[0023] According to Example 1, seven glass samples were made from a glass composition that included 64 wt % of silicon dioxide (SiO.sub.2), 16 wt % of aluminum trioxide (Al.sub.2O.sub.3), 14 wt % of sodium oxide (Na.sub.2O), 4 wt % of magnesium oxide (MgO), 0.5 wt % of tin oxide (SnO), and 1.5 wt % of oxides of iron, calcium, potassium, zirconium, boron, lithium and strontium. The samples were cut into glass slides of 5 cm.times.5 cm square and placed in a high temperature furnace. The temperature of the glass slides was increased from room temperature to 350.degree. C. in 1 hour. After that, the glass slides were removed from the furnace and ion exchanged as follows: [0024] Sample 1--20 minutes in a first ion exchange bath at a temperature of 420.degree. C. wherein the first ion exchange bath included 2% by weight of molten AgNO.sub.3 and 98% by weight of molten KNO.sub.3; [0025] Sample 2--20 minutes in a first ion exchange bath at a temperature of 420.degree. C. wherein the first ion exchange bath included 5% by weight of molten AgNO.sub.3 and 95% by weight of molten KNO.sub.3; [0026] Sample 3--20 minutes in a first ion exchange bath at a temperature of 420.degree. C. wherein the first ion exchange bath included 2% by weight of molten AgNO.sub.3 and 98% by weight of molten KNO.sub.3 and then 1 hour in a second ion exchange bath at a temperature of 420.degree. C. wherein the second ion exchange bath included 5% by weight of molten CuCl.sub.2 and 95% by weight of molten KNO.sub.3; [0027] Sample 4--20 minutes in a first ion exchange bath at a temperature of 420.degree. C. wherein the first ion exchange bath included 5% by weight of molten AgNO.sub.3 and 95% by weight of molten KNO.sub.3 and then 1 hour in a second ion exchange bath at a temperature of 420.degree. C. wherein the second ion exchange bath included 5% by weight of molten CuCl.sub.2 and 95% by weight of molten KNO.sub.3; [0028] Sample 5--20 minutes in a first ion exchange bath at a temperature of 420.degree. C. wherein the first ion exchange bath included 2% by weight of molten AgNO.sub.3 and 98% by weight of molten KNO.sub.3 and then 1 hour in a second ion exchange bath at a temperature of 420.degree. C. wherein the second ion exchange bath included 5% by weight of molten CuSO.sub.4 and 95% by weight of molten KNO.sub.3; [0029] Sample 6--20 minutes in a first ion exchange bath at a temperature of 420.degree. C. wherein the first ion exchange bath included 5% by weight of molten AgNO.sub.3 and 95% by weight of molten KNO.sub.3 and then 1 hour in a second ion exchange bath at a temperature of 420.degree. C. wherein the second ion exchange bath included 5% by weight of molten CuSO.sub.4 and 95% by weight of molten KNO.sub.3; and [0030] Sample 7--This sample was a control blank that was not ion exchanged.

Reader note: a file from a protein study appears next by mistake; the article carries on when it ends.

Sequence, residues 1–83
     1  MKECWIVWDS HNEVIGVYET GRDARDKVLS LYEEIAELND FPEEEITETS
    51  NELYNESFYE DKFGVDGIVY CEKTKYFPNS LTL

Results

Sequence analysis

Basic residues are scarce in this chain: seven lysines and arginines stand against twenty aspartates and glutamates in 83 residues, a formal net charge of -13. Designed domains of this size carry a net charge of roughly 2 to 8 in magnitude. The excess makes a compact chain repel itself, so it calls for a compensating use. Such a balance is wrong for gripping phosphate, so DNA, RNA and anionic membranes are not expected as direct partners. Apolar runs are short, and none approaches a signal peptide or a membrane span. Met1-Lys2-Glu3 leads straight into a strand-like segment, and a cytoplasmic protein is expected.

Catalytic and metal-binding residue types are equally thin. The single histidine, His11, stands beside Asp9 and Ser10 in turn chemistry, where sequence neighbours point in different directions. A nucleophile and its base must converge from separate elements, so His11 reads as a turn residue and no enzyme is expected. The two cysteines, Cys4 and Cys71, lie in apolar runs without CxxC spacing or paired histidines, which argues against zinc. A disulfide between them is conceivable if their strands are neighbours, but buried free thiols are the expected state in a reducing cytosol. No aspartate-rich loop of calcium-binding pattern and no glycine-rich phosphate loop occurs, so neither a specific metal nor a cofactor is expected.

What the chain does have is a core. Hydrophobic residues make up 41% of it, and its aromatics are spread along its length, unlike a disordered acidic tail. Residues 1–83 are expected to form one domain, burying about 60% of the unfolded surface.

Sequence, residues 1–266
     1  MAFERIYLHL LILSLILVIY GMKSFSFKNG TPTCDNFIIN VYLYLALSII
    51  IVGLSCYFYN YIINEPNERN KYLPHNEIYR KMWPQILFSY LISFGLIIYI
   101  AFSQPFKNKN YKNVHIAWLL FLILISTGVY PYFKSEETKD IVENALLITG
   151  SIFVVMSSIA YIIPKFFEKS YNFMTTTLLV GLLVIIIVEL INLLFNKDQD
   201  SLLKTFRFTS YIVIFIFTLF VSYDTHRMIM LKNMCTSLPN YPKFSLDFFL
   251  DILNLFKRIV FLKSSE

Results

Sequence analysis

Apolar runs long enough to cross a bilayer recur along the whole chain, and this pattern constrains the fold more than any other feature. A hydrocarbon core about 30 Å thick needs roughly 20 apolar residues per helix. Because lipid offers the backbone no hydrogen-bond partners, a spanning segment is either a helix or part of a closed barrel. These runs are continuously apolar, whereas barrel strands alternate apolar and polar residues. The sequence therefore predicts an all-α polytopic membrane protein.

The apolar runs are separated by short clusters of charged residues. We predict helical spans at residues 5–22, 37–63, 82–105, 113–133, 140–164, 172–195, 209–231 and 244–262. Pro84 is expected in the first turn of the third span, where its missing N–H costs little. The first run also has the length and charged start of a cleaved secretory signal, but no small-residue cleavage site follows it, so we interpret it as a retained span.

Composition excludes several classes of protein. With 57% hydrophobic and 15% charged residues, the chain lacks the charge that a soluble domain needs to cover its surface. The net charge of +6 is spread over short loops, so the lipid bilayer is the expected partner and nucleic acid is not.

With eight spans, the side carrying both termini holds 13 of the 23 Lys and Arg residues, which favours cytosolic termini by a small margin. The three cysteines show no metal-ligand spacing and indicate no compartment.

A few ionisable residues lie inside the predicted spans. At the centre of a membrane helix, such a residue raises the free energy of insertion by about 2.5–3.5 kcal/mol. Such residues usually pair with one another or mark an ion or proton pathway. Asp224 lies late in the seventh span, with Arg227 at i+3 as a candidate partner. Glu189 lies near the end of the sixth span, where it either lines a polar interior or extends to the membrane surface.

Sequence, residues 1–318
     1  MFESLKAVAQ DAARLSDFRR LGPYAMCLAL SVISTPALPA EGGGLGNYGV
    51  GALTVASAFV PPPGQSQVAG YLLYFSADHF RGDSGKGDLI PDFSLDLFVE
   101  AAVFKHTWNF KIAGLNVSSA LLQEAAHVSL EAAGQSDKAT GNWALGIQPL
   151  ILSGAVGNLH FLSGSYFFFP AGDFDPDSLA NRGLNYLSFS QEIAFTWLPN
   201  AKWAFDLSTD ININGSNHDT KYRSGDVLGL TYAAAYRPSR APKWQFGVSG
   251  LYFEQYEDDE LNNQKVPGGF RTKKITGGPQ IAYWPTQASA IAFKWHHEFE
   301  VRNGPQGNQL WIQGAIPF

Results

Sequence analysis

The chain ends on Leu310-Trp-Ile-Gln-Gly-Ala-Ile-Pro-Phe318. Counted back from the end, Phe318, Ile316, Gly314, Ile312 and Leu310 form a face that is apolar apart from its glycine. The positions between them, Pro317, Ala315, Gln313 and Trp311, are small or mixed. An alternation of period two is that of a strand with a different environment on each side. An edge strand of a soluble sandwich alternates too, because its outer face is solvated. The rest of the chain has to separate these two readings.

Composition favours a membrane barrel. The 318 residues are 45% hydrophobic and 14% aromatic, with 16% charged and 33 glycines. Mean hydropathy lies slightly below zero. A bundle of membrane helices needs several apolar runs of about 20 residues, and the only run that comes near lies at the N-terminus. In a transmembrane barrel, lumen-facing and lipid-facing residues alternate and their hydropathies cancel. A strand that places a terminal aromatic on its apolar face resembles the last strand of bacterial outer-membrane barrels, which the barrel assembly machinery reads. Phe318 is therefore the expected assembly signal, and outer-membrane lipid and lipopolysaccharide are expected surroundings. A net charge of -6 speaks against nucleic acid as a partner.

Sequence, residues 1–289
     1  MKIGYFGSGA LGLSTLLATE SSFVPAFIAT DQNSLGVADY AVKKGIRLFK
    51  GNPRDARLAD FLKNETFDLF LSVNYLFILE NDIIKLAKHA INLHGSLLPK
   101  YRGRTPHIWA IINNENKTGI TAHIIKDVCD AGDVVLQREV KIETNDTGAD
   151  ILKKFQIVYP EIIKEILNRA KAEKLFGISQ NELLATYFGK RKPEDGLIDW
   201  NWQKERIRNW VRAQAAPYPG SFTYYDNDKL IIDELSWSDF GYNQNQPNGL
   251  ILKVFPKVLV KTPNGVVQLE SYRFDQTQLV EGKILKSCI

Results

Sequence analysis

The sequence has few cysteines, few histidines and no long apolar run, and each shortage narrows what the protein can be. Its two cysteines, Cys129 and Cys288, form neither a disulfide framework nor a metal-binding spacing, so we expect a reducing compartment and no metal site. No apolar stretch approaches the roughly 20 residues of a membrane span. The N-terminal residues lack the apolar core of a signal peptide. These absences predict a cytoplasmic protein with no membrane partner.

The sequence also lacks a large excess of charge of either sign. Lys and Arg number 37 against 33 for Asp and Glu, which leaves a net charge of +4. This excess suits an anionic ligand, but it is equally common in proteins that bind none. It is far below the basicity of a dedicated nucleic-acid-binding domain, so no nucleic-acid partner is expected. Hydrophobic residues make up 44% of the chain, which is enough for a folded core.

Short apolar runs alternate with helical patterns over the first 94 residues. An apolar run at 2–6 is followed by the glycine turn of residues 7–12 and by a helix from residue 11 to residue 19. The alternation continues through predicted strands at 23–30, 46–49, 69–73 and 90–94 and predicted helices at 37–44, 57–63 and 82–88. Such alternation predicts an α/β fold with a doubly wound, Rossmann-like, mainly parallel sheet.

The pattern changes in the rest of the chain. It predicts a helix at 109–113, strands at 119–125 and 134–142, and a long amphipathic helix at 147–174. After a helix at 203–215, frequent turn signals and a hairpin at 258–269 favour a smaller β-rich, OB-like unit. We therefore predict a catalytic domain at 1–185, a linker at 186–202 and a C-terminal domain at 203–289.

[0031] In each case, following the ion exchange process or in the case of the control blank following removal from the high temperature furnace, the glass slides were transferred to an annealing furnace and were cooled to 80.degree. C. in 1 hour. The glass slides were then washed five times with distilled water.

[0032] The glass slides were then analyzed by energy-dispersive X-ray spectroscopy to conduct an elemental analysis of the glass slides and to determine the surface concentration of silver ions and copper ions.

[0033] The results are shown in Table 1 below.

TABLE-US-00001 TABLE 1 Molten Salt Surface Concentration/EDS Samples Concentration Ag/wt % Cu/wt % 1 2% AgNO.sub.3 18.8 0 2 5% AgNO.sub.3 22.5 0 3 2% AgNO.sub.3 + 5% CuCl.sub.2 3.1 Not Detected 4 5% AgNO.sub.3 + 5% CuCl.sub.2 4.4 Not Detected 5 2% AgNO.sub.3 + 5% CuSO.sub.4 3.9 1.8 6 5% AgNO.sub.3 + 5% CuSO.sub.4 5.9 1.4 7 Blank 0 0

[0034] As tested by SEM-EDS, the ion-exchanged depth of Ag is approximately 40-50 .mu.m, and that of Cu is approximately 30 .mu.m. Consequently, the surface concentration of Ag and Cu calculated from the volume concentration data set forth in Table 1 is approximately 0.05-100 .mu.g/cm.sup.2.